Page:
Russian police arrest over 350 protesters demanding release of Alexei Navalny

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Police tried to sweep protesters off the streets of multiple Russian cities Saturday but thousands across the country defied protest bans to march for the release of jailed Kremlin critic Alexei Navalny.

At least 100 people were arrested and bundled into vans in central Moscow before the protest even began, Reuters reported. Across Russia, upwards of 369 people were arrested in nearly 40 towns and cities as protesters defied bitter cold and a ban on the demonstrations.

Navalny’s supporters shouted “Putin is a thief!” and “Disgrace” as demonstrators were arrested in Moscow. Police warned as the crowds gathered in downtown Pushkin Square that “the current event is illegal,” Guardian reporter Andrew Roth tweeted, but thousands packed the streets anyway, throwing snowballs at riot police when they moved in to make arrests.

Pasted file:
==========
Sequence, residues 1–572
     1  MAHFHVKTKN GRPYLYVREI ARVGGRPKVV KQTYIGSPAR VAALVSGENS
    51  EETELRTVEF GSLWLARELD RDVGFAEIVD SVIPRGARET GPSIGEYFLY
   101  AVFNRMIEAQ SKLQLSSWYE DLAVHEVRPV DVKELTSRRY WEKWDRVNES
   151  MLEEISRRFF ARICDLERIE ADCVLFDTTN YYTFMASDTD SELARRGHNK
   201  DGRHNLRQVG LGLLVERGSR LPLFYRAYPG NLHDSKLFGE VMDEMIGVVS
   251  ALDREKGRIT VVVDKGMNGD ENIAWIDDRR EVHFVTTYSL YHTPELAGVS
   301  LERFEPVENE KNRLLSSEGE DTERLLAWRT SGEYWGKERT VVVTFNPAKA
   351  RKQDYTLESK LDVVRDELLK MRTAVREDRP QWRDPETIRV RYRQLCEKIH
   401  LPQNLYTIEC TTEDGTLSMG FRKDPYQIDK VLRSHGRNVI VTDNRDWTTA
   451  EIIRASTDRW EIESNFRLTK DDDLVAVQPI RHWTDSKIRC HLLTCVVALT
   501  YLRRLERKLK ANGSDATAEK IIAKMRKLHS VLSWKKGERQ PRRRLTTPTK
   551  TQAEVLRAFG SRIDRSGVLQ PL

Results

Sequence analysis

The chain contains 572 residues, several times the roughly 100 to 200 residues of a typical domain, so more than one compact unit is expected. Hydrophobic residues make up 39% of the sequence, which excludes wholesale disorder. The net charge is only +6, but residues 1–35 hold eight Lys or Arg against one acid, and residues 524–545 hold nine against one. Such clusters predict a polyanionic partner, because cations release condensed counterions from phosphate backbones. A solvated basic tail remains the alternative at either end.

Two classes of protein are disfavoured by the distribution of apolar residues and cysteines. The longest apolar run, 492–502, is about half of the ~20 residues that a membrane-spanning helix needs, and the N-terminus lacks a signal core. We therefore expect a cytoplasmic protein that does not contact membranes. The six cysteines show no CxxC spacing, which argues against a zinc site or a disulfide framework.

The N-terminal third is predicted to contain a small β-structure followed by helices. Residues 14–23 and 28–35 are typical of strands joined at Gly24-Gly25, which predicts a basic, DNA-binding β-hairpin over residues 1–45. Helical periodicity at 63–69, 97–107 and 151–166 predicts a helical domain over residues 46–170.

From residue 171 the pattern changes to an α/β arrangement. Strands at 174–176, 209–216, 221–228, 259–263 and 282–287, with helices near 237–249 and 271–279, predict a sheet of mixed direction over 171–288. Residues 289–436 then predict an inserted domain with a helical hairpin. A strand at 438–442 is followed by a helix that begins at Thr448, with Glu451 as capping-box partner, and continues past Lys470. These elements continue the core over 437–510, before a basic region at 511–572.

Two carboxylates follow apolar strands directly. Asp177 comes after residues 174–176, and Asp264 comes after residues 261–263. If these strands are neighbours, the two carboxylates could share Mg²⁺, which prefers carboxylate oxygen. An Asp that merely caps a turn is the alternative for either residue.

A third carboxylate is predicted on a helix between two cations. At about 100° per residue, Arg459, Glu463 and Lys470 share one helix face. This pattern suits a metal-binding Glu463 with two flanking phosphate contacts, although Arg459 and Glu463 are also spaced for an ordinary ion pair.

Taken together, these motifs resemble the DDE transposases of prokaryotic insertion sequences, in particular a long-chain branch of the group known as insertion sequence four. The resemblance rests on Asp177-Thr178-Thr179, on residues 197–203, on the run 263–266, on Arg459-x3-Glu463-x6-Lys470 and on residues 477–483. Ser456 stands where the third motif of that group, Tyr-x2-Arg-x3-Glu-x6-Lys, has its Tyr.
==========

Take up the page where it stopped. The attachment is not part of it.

Navalny’s wife Yulia, who traveled back to Russia with him from Germany, said she would demonstrate in Moscow “for myself, for him, for our children, for the values and the ideals that we share,” the BBC reported.

In the Pacific port city of Vladivostok, where it was 7 degrees, video showed riot police chasing protesters down the street as they chanted, “Bandits!” Even in Siberia’s Yakutsk, one of the coldest cities in the world, protesters braved temperatures of -62 degrees to demand Navalny’s release.

Navalny, an anti-corruption campaigner and Kremlin’s fiercest critic, was arrested Sunday when he returned to Russia from Germany, where he had spent nearly five months recovering from nerve-agent poisoning that he blames on the Kremlin. On Monday, a judge ordered Navalny jailed for 30 days. He faces a long prison term.

Even from jail, he has continued to criticize Putin, with his team releasing videos that went viral. One showing Putin has a billion dollar palace built with corrupt money was viewed more than 60 million times. Another accuses Putin of having a 17-year-old love child.

Opposition politician Dmitry Gudkov told Reuters the scale of Saturday’s protests across Russia was unusual.

“Everyone must be really fed up with the stealing and lies if the regions have risen up like this without waiting for Moscow. Hundreds and thousands even in small cities,” he wrote on Twitter.

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